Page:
“He’ll know.” The words of Flixton’s John Hilton were not exactly suppliant. John doesn’t do suppliant, beggarly or any of that scraping around. He had simply nodded in my direction, somehow recalled my face from four months earlier, and assumed that I had lodged in my brain the November 2013 match score from his first encounter with Hilton A’s Mark Gibson.
I had a few things left in my tin head but that was not one of them. John Hilton, 1980 European Champion, had endured a five-set marathon on that chilly autumn night yet had managed – as with all wily champs – to plunder over the line (6-11, 11-7, 11-7, 8-11, 11-9).
Gibson’s Achilles’ heel was too much respect and a game not finely tuned after each point in the manner of Hilton. Their second foray in March 2014 was a straight-sets disaster for him (9-11, 9-11, 10-12) – fine margins but still…a beating, a whipping, a crucifying exposé. Only delusional players think ‘What if…?’
Hilton had been complimentary before the latter smash and grab – psychologically dressing Gibson’s mind, attuning it to a quiet satisfaction borne from ‘a close match’ rather than victory. As such, Gibson walked away – amiable handshake and all – not knowing that he’d been pickpocketed.
People meet, say things, interact and are either impressive or tolerated. It happens in table tennis halls, business, within families, almost everywhere. Had I remembered that they had shared 92 points in that initial ding dong, casually enunciated each set to Hilton like Magnus Magnusson then perhaps other things would have transpired.
Perhaps we would have chatted about the Frenchman, Bruno Parietti – his 1st round conquest (21-13, 21-19, 21-15) back in 1980. Or the Danish player, Bjarne Grimstrup – his victim in the next round (21-17, 21-9, 21-13). The German, Wilfried Lieck had been the first man to take a set off Hilton but John had dug in (14-21, 21-14, 21-13, 21-9).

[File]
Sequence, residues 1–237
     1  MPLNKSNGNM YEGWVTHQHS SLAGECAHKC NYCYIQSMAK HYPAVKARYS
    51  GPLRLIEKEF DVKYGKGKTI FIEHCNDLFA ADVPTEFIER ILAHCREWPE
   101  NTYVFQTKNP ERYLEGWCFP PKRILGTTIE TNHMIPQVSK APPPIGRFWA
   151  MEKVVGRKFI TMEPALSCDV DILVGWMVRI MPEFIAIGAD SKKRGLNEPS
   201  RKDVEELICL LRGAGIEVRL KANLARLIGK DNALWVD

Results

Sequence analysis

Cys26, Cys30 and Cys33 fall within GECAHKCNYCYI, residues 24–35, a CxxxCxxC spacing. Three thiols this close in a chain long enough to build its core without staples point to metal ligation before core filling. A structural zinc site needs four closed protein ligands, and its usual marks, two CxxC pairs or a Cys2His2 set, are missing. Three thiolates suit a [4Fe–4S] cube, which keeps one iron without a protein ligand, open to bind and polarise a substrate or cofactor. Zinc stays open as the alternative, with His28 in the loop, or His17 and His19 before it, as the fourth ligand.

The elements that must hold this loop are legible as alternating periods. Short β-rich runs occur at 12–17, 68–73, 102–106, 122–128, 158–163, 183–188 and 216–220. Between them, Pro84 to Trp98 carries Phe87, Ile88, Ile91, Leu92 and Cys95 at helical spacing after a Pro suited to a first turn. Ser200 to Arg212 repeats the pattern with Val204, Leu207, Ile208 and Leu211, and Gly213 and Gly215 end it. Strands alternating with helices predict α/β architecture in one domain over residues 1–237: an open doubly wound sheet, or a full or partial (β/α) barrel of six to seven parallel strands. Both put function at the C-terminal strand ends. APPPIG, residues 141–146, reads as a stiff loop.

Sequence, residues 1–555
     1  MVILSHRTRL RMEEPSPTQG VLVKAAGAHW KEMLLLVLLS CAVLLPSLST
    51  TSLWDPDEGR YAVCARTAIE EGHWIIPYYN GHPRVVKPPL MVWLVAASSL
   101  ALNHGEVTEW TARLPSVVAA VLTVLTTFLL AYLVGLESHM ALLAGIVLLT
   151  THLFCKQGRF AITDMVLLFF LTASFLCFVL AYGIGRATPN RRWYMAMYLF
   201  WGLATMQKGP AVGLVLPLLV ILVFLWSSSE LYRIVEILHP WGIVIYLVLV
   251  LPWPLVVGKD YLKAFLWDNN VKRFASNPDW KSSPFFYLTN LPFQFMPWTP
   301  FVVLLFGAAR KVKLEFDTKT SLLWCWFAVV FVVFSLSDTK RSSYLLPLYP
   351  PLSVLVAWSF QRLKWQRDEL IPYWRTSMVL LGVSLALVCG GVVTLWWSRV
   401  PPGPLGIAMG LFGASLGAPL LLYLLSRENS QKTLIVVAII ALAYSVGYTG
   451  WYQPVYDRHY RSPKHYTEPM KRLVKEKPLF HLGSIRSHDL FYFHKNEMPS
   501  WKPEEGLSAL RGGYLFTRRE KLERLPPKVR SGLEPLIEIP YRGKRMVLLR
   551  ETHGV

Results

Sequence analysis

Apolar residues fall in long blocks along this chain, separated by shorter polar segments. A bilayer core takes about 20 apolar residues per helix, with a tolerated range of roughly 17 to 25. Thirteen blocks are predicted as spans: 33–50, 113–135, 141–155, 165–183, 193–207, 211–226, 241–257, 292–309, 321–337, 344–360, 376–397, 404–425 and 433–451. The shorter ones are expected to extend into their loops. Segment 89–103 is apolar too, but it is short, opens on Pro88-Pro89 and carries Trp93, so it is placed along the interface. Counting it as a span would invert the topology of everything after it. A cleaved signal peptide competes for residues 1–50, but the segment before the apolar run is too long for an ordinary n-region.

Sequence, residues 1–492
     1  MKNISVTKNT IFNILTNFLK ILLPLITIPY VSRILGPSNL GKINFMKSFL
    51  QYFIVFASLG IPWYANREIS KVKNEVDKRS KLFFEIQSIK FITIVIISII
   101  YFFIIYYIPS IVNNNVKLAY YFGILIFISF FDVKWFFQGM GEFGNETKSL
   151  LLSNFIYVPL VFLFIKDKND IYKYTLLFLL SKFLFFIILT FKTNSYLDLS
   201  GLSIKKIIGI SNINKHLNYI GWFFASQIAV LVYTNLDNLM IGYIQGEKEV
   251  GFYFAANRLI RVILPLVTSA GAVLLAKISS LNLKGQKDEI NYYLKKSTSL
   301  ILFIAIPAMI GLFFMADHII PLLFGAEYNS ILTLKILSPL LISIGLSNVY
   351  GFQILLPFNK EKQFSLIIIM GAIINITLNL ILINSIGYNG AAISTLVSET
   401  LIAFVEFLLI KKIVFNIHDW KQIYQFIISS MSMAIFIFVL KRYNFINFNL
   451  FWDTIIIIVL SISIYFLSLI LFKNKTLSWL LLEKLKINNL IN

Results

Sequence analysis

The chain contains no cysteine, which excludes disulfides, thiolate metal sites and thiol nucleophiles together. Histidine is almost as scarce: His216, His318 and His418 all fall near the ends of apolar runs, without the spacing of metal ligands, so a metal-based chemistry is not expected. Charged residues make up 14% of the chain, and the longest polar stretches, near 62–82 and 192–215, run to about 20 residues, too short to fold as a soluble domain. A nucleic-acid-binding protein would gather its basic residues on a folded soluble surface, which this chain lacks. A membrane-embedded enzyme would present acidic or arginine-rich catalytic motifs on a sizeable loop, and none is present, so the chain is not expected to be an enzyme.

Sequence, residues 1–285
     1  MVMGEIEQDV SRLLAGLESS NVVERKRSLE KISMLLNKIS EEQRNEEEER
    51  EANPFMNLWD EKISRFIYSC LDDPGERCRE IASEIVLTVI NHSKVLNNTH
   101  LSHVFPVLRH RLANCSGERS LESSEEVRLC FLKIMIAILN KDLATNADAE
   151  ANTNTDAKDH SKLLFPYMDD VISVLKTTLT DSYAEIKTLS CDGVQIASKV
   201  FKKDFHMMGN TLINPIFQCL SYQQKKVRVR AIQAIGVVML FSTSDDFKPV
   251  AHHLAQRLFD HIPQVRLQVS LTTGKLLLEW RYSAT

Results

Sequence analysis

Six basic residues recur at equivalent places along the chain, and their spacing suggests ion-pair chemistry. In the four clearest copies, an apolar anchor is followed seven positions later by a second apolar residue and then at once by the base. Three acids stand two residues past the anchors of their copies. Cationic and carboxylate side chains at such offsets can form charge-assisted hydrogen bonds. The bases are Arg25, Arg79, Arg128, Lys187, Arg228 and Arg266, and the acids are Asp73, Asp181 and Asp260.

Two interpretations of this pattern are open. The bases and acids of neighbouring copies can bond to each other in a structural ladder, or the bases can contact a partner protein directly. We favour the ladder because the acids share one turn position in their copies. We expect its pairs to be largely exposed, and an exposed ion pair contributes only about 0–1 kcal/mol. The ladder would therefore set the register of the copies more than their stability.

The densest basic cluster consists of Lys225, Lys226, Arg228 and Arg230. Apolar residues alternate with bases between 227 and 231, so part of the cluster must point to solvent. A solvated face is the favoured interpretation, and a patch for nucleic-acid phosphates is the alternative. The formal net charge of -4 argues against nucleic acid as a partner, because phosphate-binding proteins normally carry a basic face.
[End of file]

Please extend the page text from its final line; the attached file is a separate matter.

A bruising match with Hungarian, Tibor Kreisz (18-21, 21-13, 21-18, 21-18) put Hilton in sight of glory, with the small matter of him needing to knock the reigning European Champion, Gabor Gergely – another Hungarian – out in the Quarter Final in order to reach the last four.
If you look at the twenty-two minute footage of Hilton’s exploits on YouTube you are transported to another time. The surroundings look quaint. It appears to be a tight arena. To the left of the table is an early advert for Betamax – just black letters on a white background. The picture of Gergely reminds you of Harry Enfield in The Scousers such is the enormity of his moustache and hair.
Hilton got through the harrowing match as you would have deduced. 18-21, 18-21, 21-19, 21-16, 21-19 tends to build character in a man – that or the belief that luck and the gods are with you.
Fast forward thirty three years: had Gibson known acutely that Hilton had seen it, done it, been on the rack – really studied the fortitude in those 1980 numbers – then maybe he would have conceded…grabbed his coat earlier. Statistics generally do two things to a player: have them leaning in for the scalp, or fearful, knowing that the conveyor belt is coming for them.
When Hilton smiles into the camera before the Final with Josef Dvoracek (Cze), having turned over Jacques Secrétin (Fra) – the 1976 champion – in the Semis, you know, you just know that he is relaxed. Insurmountable. Unassailable. Ready for action.